Hill v Ministry of Justice [2022] EWHC 370 (QB)

The case concerned an appeal against the order of Recorder Bright QC dismissing a claim for personal injury suffered by Mr Hill (“the appellant”) in the course of his duties as a probationary prison officer. The appellant was instructed to escort two young offenders when one of the prisoners (“DB”) assaulted him, causing the appellant to sustain a spinal injury.

The recorder found that whilst DB was a “volatile, impulsive, manipulative and troubled young man who could be violent and fell into the worst 25% of prisoners in terms of conduct”, he was not a very dangerous prisoner and it was not necessary to automatically deem him as high risk whenever he left his cell. Further, DB did not pose any specific, imminent or foreseeable risk to staff beyond that routinely faced by prison officers.

The appellant submitted that the recorder had erred by (i) having regard the actual circumstances of the assault in assessing whether some injury was foreseeable; (ii) applying an incorrect and unduly onerous test of immediacy of harm in assessing whether any injury to the appellant was foreseeable; and (iii) failing to find that the respondent should have taken certain precautions.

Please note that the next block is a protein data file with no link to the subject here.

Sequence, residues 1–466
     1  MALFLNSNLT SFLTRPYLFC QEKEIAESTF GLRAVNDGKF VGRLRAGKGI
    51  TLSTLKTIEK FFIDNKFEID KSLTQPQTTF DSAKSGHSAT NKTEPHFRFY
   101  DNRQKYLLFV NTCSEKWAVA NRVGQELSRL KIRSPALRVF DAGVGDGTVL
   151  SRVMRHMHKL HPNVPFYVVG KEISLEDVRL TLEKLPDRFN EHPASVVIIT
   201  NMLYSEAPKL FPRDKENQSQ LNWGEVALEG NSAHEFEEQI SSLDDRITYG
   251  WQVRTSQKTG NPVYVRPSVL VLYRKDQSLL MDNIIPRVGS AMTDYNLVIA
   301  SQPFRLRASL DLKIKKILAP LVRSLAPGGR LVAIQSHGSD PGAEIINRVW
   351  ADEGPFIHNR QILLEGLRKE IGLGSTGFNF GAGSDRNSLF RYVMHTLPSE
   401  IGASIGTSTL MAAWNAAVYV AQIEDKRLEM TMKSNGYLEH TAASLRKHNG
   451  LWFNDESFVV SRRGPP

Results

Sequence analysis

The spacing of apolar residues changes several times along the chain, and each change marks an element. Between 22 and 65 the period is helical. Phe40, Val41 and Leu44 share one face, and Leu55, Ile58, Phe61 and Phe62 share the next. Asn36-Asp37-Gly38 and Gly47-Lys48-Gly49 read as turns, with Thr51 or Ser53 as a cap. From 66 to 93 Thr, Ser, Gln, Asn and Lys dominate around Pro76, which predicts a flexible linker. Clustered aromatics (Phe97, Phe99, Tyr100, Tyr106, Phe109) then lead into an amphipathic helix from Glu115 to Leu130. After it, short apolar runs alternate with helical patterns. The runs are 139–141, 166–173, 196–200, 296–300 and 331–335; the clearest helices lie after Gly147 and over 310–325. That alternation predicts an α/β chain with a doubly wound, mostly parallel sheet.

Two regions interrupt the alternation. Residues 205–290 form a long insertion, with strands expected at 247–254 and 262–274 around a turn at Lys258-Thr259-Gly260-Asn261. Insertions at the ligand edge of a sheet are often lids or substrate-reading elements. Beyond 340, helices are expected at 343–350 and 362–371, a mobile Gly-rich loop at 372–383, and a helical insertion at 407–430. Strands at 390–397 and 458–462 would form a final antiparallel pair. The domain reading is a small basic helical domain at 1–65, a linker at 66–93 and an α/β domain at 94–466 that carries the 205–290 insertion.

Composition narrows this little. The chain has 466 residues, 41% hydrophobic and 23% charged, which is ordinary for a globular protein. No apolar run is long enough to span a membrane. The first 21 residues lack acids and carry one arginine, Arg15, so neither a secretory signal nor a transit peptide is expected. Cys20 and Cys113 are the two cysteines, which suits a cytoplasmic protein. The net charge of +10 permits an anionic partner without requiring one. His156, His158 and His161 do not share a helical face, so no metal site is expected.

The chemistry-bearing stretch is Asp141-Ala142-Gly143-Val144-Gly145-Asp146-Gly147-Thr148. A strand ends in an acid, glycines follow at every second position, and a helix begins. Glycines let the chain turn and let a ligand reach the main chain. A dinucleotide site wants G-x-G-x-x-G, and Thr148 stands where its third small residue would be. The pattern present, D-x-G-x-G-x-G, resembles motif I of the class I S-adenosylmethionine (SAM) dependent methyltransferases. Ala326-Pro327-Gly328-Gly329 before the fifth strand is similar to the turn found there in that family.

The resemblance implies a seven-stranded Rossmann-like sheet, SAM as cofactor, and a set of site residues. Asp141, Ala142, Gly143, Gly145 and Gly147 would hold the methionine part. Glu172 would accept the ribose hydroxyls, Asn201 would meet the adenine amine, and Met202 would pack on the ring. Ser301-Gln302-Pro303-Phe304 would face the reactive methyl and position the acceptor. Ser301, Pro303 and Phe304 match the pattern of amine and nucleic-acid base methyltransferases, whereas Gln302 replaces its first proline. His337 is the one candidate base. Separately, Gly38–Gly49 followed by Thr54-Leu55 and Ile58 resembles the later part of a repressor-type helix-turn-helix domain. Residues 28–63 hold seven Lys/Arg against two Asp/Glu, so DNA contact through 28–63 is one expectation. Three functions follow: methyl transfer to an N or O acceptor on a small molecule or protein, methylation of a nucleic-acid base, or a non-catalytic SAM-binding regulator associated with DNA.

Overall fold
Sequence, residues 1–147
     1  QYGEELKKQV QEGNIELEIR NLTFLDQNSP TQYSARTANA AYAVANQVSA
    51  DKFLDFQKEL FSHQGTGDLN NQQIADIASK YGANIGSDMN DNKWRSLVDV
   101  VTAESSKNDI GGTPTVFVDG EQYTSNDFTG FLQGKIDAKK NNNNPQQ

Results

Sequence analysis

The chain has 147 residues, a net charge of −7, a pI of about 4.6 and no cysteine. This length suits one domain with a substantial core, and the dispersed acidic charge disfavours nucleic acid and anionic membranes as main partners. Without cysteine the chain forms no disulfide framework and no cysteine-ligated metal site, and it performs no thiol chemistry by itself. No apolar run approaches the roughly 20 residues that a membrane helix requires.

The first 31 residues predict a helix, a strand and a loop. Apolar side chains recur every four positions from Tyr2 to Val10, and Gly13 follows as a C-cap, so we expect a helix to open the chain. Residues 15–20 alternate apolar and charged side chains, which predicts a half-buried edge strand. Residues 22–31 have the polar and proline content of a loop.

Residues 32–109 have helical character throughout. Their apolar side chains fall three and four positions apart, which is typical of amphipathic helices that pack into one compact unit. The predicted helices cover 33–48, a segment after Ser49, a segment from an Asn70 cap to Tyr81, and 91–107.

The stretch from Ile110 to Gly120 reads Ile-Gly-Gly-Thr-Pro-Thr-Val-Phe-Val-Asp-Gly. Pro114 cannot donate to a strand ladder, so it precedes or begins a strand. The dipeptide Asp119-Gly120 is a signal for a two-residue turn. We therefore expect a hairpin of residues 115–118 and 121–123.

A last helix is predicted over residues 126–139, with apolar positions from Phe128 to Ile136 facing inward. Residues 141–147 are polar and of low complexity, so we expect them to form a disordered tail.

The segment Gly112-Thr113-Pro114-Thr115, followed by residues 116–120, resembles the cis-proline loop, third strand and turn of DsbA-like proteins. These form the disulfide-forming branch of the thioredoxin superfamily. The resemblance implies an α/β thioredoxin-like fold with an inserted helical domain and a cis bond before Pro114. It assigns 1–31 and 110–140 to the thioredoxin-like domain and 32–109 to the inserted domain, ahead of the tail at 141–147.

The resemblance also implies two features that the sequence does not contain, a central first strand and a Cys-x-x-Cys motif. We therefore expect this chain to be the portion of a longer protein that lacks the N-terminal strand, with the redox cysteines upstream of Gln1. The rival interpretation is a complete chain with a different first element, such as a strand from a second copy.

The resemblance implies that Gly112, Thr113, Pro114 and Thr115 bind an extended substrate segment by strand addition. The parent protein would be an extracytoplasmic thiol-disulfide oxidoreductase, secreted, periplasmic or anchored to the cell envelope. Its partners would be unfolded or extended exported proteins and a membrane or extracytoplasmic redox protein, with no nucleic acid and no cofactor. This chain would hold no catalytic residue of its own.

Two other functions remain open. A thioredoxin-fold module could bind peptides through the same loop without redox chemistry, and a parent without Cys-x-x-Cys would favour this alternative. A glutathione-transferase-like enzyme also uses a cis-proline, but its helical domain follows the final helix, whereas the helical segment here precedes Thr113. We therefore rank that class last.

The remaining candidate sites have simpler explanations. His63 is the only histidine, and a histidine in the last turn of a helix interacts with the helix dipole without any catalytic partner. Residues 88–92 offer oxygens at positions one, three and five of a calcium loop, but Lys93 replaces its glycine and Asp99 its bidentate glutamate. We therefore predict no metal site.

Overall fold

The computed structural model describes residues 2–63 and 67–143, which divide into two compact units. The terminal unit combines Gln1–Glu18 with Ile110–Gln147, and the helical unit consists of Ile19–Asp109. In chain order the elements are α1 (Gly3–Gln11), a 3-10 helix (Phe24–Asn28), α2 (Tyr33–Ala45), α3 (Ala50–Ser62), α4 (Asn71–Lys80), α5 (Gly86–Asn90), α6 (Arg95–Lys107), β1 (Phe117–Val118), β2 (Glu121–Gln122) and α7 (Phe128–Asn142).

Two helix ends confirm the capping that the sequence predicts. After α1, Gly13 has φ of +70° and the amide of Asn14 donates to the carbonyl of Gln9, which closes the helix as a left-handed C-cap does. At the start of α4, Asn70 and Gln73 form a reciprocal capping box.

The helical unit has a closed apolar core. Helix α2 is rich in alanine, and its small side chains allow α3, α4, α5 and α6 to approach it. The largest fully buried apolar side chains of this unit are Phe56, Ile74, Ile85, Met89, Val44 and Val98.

Dismissing the appeal, Cotter J held that the judge had been entitled to dismiss the claim. The court confirmed:

There is a duty on an employer to take reasonable care to protect his employees against a reasonably foreseeable risk of injury in the workplace. Reasonable foreseeability of injury is not a fixed point on the scale of probability. The test is objective, but takes account of all relevant circumstances, including characteristics of the defendant in determining what is foreseeable. It is not necessary that the precise manner in which an accident happens should be foreseeable, so long as an accident of that general kind can be foreseen.”

The common law principles applicable to inherently dangerous occupations were the same as those applicable in any other type of occupation. However, for prison officers, the risks in question could not be wholly eradicated save by measures which would be impracticable, unacceptable, unlawful or too costly to be met by public funding. Escorting inmates to their cells was a routine task which carried a baseline risk of violence. The recorder had been entitled to find that there was no risk sufficiently above the baseline risk posed by many young offenders to require additional measures.

June 23, 2022 · Editorial Team · Comments Closed
Posted in: Cases